A strong earthquake rocked large parts of the Philippine capital and north of it yesterday, killing at least eight, emptying buildings of tens of thousands who had just returned from the long holy week holiday and shutting down rail lines and a key airport.
The US Geological Survey said the 6.3-magnitude earthquake struck 60km north-west of Manila at a depth of 40km.
Eight people were killed when two buildings and some houses collapsed in two towns in Pampanga province.
Provincial governor Lilia Pineda told ABS-CBN News three bodies were pulled out of a four-storey building that housed a supermarket in Porac, while an old woman and her grandchild died after they were pinned by a wall in Lubao. Three others whose homes collapsed died in hospitals, she added.
Dozens were rescued from the building in Porac but at least 30 more were still trapped inside. GMA News reported that two of those who died were children.
"It sounded like a sonic boom," said Mayor Jose Angelo Dominguez of Castillejos, in Zambales province - the epicentre of the quake.
Pampanga, 90km north of Man-ila, seems to have borne the brunt of the earthquake. An airport inside the Clark special economic zone, which straddles parts of Pampanga, was closed for at least 24 hours.
Photos posted on Twitter showed wall linings and ceilings torn out of at least one building.
Airport officials said they would be inspecting the terminal and runways for damages. Clark airport handles some 8,000 passengers a day and over 600 flights a week, including those going to Singapore.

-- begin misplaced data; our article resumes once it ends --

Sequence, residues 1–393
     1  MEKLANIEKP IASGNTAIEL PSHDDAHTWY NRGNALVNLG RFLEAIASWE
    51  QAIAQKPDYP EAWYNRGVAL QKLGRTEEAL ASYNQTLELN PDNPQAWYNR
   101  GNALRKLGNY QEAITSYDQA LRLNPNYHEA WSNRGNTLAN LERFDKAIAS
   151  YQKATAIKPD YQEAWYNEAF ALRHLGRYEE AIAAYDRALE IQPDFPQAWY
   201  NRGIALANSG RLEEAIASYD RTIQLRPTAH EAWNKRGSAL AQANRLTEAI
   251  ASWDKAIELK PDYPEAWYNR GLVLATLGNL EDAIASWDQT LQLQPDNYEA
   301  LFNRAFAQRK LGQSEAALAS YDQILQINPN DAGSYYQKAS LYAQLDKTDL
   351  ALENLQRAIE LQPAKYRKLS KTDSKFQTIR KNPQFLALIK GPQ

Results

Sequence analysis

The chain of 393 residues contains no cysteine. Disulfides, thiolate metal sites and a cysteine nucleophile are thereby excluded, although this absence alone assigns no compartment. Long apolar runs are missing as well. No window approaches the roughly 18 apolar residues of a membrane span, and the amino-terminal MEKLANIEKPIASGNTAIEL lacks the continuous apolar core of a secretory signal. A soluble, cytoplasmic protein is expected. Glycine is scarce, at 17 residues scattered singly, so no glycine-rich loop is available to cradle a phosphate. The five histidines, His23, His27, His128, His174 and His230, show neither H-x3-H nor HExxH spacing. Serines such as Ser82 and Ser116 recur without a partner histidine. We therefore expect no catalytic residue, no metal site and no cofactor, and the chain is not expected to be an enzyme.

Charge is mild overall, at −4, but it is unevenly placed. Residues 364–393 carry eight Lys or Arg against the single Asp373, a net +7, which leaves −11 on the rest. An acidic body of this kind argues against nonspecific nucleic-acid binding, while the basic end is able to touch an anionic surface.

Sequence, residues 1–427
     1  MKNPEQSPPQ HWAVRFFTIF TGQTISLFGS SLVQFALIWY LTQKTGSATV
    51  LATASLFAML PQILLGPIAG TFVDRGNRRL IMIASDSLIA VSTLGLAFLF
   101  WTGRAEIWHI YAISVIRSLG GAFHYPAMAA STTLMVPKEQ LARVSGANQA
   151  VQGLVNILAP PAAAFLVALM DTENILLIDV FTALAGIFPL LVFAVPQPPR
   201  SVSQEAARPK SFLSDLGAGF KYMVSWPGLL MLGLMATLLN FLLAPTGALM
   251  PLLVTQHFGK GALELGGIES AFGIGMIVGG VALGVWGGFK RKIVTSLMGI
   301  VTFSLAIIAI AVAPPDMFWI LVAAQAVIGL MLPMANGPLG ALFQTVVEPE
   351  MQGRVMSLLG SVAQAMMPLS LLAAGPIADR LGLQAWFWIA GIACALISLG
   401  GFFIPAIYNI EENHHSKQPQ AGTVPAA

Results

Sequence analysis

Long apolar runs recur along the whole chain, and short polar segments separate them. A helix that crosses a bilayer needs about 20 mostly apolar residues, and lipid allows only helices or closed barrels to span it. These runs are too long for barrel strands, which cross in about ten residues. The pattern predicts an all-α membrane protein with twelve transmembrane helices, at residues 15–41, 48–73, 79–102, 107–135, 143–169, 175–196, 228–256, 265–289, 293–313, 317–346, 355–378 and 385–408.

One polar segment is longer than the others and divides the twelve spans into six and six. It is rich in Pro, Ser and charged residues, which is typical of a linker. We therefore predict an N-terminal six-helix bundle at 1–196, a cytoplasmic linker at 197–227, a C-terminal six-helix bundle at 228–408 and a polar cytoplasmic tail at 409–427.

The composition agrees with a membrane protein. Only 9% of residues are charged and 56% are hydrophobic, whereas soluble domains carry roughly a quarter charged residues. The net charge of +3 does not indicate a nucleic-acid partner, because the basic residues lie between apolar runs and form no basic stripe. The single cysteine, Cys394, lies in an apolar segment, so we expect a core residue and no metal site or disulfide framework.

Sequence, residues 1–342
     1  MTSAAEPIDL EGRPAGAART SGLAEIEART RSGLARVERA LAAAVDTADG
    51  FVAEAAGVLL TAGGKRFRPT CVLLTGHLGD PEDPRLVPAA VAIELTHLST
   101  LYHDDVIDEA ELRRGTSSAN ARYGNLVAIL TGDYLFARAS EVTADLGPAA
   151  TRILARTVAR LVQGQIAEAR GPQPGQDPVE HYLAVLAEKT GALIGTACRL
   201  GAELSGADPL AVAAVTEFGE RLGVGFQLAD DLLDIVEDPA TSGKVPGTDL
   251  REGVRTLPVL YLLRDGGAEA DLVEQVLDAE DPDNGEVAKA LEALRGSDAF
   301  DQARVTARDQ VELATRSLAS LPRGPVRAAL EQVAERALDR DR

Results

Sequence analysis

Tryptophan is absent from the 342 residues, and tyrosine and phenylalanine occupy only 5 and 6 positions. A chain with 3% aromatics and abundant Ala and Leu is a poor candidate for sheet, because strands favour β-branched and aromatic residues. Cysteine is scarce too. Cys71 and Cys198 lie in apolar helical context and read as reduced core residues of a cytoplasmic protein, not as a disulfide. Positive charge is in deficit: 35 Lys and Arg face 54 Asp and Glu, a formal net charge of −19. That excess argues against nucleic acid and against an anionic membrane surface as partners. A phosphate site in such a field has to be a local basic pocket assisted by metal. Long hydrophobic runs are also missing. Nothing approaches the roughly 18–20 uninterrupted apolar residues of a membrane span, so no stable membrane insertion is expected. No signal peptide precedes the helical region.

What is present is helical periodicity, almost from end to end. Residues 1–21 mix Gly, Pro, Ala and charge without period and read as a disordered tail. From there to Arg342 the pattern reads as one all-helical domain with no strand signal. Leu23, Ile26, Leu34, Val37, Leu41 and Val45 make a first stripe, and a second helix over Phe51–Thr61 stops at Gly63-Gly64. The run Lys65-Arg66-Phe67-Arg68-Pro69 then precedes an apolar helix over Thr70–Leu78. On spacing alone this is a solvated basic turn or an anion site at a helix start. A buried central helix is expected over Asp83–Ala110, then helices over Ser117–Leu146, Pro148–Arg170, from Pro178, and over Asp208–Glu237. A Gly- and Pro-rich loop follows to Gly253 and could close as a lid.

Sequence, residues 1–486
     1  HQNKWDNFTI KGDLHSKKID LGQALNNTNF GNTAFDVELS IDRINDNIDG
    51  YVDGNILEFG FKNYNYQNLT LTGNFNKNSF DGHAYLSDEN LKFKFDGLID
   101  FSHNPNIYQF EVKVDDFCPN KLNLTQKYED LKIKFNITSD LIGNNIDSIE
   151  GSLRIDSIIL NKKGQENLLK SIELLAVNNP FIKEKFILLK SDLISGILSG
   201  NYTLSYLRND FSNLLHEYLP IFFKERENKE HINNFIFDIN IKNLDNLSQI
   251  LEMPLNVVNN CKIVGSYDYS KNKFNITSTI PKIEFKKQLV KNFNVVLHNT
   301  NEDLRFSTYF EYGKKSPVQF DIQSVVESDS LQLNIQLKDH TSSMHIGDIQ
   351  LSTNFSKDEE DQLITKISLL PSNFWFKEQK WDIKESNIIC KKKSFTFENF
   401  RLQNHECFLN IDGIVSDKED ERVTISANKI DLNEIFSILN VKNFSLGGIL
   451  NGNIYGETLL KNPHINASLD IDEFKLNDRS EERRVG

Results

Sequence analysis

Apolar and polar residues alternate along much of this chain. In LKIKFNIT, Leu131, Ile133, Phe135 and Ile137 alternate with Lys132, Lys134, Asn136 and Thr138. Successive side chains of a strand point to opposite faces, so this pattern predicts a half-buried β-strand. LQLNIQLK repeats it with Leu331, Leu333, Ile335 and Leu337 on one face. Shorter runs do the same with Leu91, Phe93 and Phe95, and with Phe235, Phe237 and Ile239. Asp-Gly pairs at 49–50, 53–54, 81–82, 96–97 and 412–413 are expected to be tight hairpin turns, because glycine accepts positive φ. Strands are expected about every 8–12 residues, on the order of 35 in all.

Budget carrier Cebu Pacific said it was suspending all flights, two Singapore-bound, from Clark today.
Images and videos posted on social media showed people fleeing office and residential buildings, and shopping malls across Metro Manila, a sprawling metropolis of 16 cities and home to over 12 million.
One video showed a skyscraper with mirror claddings swaying, as water cascaded down its sides, at Bonifacio Global City, a financial and commercial hub an hour's drive east of Manila. Another tall building in Manila housing a technical school was seen leaning against an adjacent building.
The Transportation Ministry halted operations at all railway lines in the capital, leaving many commuters stranded. It ordered an inspection of runways at Manila's main airport and warned travellers to expect flight delays.
Power interruptions were reported in at least eight provinces.
The Philippines is part of the Pacific "Ring of Fire", an arc of intense seismic activity that stretches from quake-prone Japan through Southeast Asia and across the Pacific basin.